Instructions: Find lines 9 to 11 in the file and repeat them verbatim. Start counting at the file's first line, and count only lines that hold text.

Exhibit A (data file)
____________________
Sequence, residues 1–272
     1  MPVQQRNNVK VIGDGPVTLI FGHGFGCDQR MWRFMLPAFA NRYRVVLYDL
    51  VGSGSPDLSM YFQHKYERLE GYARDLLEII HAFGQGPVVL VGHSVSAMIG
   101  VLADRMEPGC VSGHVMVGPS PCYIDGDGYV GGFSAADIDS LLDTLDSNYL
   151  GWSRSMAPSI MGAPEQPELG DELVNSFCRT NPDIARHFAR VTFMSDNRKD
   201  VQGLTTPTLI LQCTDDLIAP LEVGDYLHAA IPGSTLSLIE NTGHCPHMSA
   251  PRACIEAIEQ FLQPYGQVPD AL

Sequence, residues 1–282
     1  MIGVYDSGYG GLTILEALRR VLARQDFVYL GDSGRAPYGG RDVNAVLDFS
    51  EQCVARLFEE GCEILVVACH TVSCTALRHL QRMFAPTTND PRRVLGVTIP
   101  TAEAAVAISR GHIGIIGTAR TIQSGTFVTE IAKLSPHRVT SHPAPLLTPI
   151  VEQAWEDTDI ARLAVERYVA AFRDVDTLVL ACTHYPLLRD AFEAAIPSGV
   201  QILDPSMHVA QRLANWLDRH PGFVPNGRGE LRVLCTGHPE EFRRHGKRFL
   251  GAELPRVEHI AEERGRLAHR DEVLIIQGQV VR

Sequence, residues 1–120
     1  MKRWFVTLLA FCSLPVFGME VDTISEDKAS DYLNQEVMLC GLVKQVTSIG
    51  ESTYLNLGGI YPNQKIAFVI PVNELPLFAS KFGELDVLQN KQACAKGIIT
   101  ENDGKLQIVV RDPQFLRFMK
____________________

     1  MIGVYDSGYG GLTILEALRR VLARQDFVYL GDSGRAPYGG RDVNAVLDFS
    51  EQCVARLFEE GCEILVVACH TVSCTALRHL QRMFAPTTND PRRVLGVTIP
   101  TAEAAVAISR GHIGIIGTAR TIQSGTFVTE IAKLSPHRVT SHPAPLLTPI